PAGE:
Australian small business owners are feeling more confident in the wake of the federal election, but are concerned about the prospects for the economy over the next 12 months as company defaults spike.
As talks of a possible recession swirl in the United States and Australia’s central bank continues its struggle to lift inflation, 84% of business owners feel Australia’s economy is either effectively at a standstill or is about to slow down, according to Sensis’ August business index, released today.
The findings, drawn from a survey of about 1,000 SME owners in late-July, reveal worries about the economy aren’t necessarily tempering confidence though, with one-in-two respondents confident in their prospects despite economic worries.
But that go-get-em attitude isn’t shared by everyone, with the survey finding one-in-five businesses in the hospitality and retail sectors are “fairly or extremely worried” about the coming 12 months.
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Conditions have been particularly tough in both the retail and hospitality sectors as of late, with economic headwinds combining with broader market disruption to spell disaster for many businesses.
Ongoing difficulty accessing finance, an increase in the price of goods for 36% of respondents and ongoing gripes about “excessive red tape” were cited as impediments by respondents to the August index.
Cashflow stress as dollar dives
Leigh Rust, founder and general manager of manufacturing business Safety Line Jalousie, says his biggest concern for the future is the Australian dollar, which has been weakening for some time.
“In manufacturing, a lot of product still comes in from overseas, which is heavily reliant on the US dollar,” he tells SmartCompany.
“It’s putting stress on cashflow and the growth of the company.”
The Australian dollar currently at decade-low levels against the American greenback, down to 0.68 cents on Monday morning, a trend also affecting purchases of American software.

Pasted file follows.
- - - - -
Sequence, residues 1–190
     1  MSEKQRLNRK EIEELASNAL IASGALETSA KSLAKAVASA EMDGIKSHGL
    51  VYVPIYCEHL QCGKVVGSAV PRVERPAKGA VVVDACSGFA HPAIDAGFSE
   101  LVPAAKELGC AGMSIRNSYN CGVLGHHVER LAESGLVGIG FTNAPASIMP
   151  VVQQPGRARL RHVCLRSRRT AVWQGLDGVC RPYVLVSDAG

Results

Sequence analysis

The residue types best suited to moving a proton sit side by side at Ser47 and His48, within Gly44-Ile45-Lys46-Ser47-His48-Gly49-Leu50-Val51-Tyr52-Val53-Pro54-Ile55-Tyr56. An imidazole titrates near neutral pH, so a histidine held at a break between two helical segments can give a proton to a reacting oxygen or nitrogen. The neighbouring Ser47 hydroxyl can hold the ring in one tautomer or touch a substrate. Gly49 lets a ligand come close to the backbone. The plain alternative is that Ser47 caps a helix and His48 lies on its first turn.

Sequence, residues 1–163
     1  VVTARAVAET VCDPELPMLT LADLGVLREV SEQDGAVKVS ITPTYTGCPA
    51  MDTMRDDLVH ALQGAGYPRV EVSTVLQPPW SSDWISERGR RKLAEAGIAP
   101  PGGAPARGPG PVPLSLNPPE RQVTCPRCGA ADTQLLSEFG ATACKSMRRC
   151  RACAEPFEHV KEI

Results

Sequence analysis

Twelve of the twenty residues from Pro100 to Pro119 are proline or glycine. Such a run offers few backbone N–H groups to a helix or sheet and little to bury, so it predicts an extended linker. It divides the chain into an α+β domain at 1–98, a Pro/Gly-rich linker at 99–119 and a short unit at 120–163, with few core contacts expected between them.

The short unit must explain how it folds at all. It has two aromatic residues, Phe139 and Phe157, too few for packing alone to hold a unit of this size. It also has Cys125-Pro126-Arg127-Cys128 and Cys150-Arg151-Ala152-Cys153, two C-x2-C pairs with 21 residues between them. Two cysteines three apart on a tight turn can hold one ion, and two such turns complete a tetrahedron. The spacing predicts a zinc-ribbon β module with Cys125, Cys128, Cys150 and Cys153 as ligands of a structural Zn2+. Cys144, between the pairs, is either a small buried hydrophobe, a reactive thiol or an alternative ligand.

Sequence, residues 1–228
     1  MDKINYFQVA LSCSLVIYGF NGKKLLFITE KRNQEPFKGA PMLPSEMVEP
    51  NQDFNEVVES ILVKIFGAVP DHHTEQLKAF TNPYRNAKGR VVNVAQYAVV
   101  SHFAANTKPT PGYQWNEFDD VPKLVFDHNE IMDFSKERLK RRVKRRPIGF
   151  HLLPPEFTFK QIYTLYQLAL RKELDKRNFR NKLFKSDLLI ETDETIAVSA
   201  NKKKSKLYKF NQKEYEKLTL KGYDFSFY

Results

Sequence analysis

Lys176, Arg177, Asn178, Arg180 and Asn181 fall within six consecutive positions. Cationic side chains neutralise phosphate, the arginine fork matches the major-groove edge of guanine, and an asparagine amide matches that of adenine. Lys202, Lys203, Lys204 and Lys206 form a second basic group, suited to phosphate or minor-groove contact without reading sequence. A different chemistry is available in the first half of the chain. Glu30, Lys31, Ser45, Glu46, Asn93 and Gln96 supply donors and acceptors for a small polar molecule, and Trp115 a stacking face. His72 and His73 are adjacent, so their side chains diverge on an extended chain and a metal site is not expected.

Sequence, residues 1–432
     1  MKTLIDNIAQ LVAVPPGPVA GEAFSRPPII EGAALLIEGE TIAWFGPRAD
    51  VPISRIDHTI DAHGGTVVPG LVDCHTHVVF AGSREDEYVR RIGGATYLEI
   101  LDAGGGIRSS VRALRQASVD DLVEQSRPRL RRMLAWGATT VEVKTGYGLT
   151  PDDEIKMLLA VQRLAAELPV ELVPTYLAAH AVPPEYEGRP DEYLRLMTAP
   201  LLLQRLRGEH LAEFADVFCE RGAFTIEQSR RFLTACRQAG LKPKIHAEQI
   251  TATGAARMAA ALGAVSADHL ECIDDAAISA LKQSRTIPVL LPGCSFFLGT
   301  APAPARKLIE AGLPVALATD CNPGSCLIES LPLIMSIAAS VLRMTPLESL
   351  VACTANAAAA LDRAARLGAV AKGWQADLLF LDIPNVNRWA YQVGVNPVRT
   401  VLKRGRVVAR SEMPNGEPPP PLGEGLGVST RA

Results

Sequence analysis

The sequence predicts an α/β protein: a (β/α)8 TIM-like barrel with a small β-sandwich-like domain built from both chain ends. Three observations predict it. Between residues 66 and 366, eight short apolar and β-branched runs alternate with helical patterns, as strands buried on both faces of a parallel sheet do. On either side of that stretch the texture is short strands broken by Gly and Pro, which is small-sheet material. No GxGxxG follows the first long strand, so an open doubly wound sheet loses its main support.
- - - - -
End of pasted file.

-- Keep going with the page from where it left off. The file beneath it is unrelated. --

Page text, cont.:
Rust says he managed to stockpile some product before the dollar dropped lower again recently, but remains worried about the medium-to-long term, particularly amid the trade war between China and the United States.
“It puts doubt in the back of your mind. You’re trying to grow and expand, you want to bring more product in, but with the exchange rate the way it is, it makes it hard.”
“At the moment, we’re just riding the wave hoping it stabilises,” Rust says.
Nathan Schokker, owner of facilities management business Talio, says he’s experiencing a “two-paced” economy at the moment, with some clients a little sheepish, although he believes there are still opportunities.
“We can see a number of our clients hold back on making decisions and/or spending money which flows on to us,” he tells SmartCompany.
“Although that does present an opportunity where we are seeing a number of businesses and business people lean back towards building relationships in business to put them in better stead if and when the economy slows off or hits a bump.”
Government support falling flat?
An expansion of the instant asset write-off, $2.1 billion in funding commitments for improving access to finance for SMEs and efforts to improve dispute resolution for small business have been billed as cornerstones of the Coalition’s SME agenda.
However, the Sensis’ index, continuing to track a growing perception among business owners that federal government policy isn’t hitting the mark, found more than a third believe those policies are having “no impact”.
A further 22.9% said government policies are actually “working against” small business, while just over 21% said their policies were supportive.
“Over the years, we have seen a growing perception among SMBs that Federal Government policies do not affect them and our latest index further cements this,” Sensis chief executive John Allan said in a statement circulated Monday.
Steve Molloy, owner of app development company LOMAH Studios, says the government could be doing “much more” to support innovative companies and products.
“Governments could do much more to promote innovation incentives for startups and companies under 100 staff in new industries and products,” he tells SmartCompany.
“Changes to encryption laws with tech companies in Australia, R&D grants becoming harder to obtain and the political mobilisation of the tech sector have all contributed to a noticeable change in the last three years.”
Company defaults spike
Meanwhile, a separate analysis of ASIC insolvency data for the June quarter published by credit giant Equifax on Monday has tracked a 15% spike in company administrations.
The worrying findings bring annual growth of company defaults to 5% year-on-year, with the construction and healthcare sectors struggling in particular.
Equifax says a deterioration in trading conditions and firm profitability is behind the spike, with defaults up 8% year-on-year in NSW and Victoria.
There was, however, some positive news for the retail sector, with defaults actually decreasing for the sector in the June quarter, down 1% year-on-year.
“While retail is doing it tough and the overall retail environment remains subdued, five of the six retail trade categories experienced small improvements in turnover for the June quarter,’’ Equifax’s Brad Walters said in a statement circulated Monday.